by Jeff Latzke
The FBI claims a Texas man told an informant he had a 25-gallon drum with enough cyanide inside to “kill a city.” What he apparently didn’t have was a plan to carry out an attack.
Jeffrey Don Detrixhe, 38, of Higgins, Texas, was arrested this week in southeastern Oklahoma on a complaint of possession or transfer of a chemical weapon following an FBI sting in which an informant claimed he saw Detrixhe bring home an approximately 4-foot tall drum with cyanide in it.
The informant, with the FBI’s backing, conjured up a fake buyer tied to the white supremacist Aryan Brotherhood and arranged for a supposed sale of the cyanide in exchange for $10,000, a thermal imager and an AK-47 automatic assault rifle, according to an FBI affidavit filed to secure Detrixhe’s arrest warrant.
The arrest of Detrixhe on Monday near Idabel was “really at some of the earliest preventative stages” to stop any terrorist activity, said research and program director James O. Ellis III of the Memorial Institute for the Prevention of Terrorism in Oklahoma City.
“It was merely trafficking in the substance. It would be different if he had a fully formed plot that it would soon be weaponized,” said Ellis, whose organization was created after the 1995 Oklahoma City federal building bombing.
“In this case, it was caught so early so it’s hard to attribute clearly what would have come out of it,” Ellis added.
The FBI and federal prosecutors refused to say how much cyanide was recovered during a search of Detrixhe’s home, except that it was enough to do damage.
“On the one hand I want the public alerted. On the other hand, I don’t want them frightened,” said U.S. Attorney Sheldon Sperling in Muskogee. Sperling’s office briefly handled the case before Detrixhe waived his initial court hearing and was ordered Wednesday to be taken back to Amarillo, Texas, where the charges originated.
“This is a dangerous, dangerous compound. I think the FBI agents appropriately took this very, very seriously,” Sperling said.
The affidavit written by FBI Special Agent John Whitworth alleges that Detrixhe gave the informant 77 grams of sodium cyanide that was supposed to be a sample for the supposed buyer to determine whether to purchase the rest. For that sample, Detrixhe allegedly accepted $450 — a small sum compared to the price he wanted for the rest.
A conviction for intent to sell a chemical weapon is punishable by up to life in prison, Sperling said. In 2004, another Texas man — 63-year-old William Krar — pleaded guilty to possessing 800 grams of cyanide, along with a stockpile of weapons including machine guns and bombs and was sentenced to 11 years in prison.
Cyanide is a deadly chemical that stops the body from processing oxygen, effectively causing death by asphyxiation.
Sperling said it can be used for less menacing purposes, including putting a finish on bronze sculptures, helping emergency responders quickly lower a person’s blood pressure and exterminating pests.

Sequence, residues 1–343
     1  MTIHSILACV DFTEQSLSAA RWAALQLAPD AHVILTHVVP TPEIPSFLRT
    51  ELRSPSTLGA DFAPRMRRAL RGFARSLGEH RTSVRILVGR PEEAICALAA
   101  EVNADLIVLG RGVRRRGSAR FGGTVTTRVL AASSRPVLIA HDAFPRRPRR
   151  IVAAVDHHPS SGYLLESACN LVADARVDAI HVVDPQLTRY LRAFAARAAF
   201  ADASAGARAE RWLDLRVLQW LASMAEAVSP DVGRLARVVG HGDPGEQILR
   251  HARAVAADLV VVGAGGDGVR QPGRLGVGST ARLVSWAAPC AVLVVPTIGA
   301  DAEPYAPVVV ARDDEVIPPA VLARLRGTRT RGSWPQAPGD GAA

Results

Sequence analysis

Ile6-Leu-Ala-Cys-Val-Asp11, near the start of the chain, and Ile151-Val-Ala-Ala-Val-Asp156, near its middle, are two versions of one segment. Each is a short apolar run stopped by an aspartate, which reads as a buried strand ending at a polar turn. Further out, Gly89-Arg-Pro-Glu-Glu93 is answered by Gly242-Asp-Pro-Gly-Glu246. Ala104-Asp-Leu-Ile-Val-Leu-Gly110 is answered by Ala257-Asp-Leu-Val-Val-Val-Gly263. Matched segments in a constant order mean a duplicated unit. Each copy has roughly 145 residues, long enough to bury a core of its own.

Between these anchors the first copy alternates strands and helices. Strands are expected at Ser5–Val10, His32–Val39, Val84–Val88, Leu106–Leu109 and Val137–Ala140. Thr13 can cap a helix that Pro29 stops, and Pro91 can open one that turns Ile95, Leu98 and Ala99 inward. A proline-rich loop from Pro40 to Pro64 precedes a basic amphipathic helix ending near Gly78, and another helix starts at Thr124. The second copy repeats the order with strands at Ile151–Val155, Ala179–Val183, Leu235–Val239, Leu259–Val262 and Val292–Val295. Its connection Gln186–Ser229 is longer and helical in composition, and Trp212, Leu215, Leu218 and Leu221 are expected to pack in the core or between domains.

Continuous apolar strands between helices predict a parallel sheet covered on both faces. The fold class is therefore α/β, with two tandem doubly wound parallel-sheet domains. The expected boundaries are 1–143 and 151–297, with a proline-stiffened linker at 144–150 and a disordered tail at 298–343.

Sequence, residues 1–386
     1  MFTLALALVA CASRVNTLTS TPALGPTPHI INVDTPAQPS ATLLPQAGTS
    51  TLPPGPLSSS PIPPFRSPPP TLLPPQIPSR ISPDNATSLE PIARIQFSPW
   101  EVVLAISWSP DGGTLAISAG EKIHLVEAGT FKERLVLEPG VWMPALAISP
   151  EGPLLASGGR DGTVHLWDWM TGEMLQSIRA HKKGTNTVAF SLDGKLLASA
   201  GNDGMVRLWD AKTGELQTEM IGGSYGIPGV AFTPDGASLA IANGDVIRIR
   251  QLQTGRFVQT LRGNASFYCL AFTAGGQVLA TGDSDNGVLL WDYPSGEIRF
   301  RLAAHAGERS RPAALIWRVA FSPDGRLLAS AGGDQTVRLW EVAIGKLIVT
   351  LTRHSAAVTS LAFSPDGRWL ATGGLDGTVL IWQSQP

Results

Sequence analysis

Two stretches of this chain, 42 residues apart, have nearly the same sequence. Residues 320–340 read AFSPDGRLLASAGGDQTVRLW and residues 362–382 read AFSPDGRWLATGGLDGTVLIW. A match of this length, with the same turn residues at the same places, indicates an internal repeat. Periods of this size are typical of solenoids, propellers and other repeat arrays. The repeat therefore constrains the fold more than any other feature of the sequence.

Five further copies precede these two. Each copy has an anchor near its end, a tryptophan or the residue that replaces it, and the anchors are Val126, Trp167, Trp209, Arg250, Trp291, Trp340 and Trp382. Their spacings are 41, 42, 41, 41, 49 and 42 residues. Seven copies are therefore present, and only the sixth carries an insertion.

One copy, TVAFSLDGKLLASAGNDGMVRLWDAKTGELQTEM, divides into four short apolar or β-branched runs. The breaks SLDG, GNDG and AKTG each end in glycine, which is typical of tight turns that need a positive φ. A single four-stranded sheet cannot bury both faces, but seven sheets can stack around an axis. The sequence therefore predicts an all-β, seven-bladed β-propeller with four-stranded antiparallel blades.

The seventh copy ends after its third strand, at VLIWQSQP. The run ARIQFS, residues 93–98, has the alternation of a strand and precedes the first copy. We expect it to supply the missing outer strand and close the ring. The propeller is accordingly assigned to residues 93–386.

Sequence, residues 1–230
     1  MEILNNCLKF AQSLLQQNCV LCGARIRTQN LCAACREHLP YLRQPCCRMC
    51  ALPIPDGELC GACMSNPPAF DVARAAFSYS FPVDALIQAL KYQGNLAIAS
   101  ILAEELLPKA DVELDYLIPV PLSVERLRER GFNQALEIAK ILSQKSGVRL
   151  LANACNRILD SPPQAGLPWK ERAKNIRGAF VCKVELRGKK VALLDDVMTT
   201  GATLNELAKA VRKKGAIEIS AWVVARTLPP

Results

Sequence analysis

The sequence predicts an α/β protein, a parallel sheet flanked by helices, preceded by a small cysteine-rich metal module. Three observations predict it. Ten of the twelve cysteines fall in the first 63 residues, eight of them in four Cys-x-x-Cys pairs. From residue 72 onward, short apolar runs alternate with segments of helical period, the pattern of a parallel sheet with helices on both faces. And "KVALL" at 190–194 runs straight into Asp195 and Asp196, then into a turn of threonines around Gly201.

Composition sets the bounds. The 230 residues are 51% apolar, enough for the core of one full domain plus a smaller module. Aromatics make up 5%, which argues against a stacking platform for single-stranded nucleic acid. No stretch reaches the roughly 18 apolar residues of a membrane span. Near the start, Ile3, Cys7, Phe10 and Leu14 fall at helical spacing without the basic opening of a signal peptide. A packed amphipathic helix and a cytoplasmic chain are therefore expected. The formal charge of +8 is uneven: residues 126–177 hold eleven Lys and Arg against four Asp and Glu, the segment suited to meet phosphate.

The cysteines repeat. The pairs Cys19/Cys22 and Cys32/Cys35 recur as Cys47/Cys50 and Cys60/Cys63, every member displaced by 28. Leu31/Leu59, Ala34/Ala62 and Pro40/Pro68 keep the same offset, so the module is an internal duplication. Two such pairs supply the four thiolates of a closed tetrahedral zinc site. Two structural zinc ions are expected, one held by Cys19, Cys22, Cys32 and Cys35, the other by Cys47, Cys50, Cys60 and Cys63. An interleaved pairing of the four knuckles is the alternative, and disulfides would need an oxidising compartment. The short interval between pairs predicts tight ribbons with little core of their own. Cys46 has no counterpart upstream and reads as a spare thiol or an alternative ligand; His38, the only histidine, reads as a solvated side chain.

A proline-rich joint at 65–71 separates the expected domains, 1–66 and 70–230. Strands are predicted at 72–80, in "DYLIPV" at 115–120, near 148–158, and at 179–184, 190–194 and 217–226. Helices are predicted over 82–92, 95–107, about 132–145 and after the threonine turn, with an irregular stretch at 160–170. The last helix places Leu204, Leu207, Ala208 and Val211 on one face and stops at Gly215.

But it’s more commonly known as a deadly chemical used by the Nazis during the Holocaust. History also blames cyanide in the poisoning death of Rasputin in revolutionary Russia, and Adolf Hitler’s wife, Eva Braun, committed suicide by taking cyanide.
“There were no apparent legitimate uses that the defendant himself was engaged in,” Sperling said.
Federal public defender Julia O’Connell, Detrixhe’s court-appointed attorney, did not return telephone messages seeking comment. Detrixhe was expected to have a new attorney appointed after he is extradited to Amarillo, unless he hires one of his own. Assistant U.S. Attorney Christy Drake said she expected Detrixhe’s detention hearing and preliminary hearing to be next week.
Jim Harmon, who works with the Chemical, Biological and Energetic Agent Research Group at Oklahoma State University, said cyanide is not as potent as some other nerve agents but can still cause almost immediate death in high quantities or concentration.
“This is just one of those things you don’t want to play with,” said Harmon, a physics professor who will use 1/1000th of a gram or less of the substance during laboratory experiments.
Ellis said cyanide has been tied to numerous plots in the U.S. over the years, including the deaths of seven Chicago-area residents who took cyanide-laced Tylenol in 1982. More recently, New York police claimed they’d thwarted an al-Qaida plot to spread cyanide gas in the subway system.
Ellis wasn’t sure what kind of death toll a 25-gallon drum of cyanide could bring.
“It takes higher concentrations,” Ellis said. “It’s not as quick to kill and it takes a little more logistical support to have as significant impact as a nerve agent.”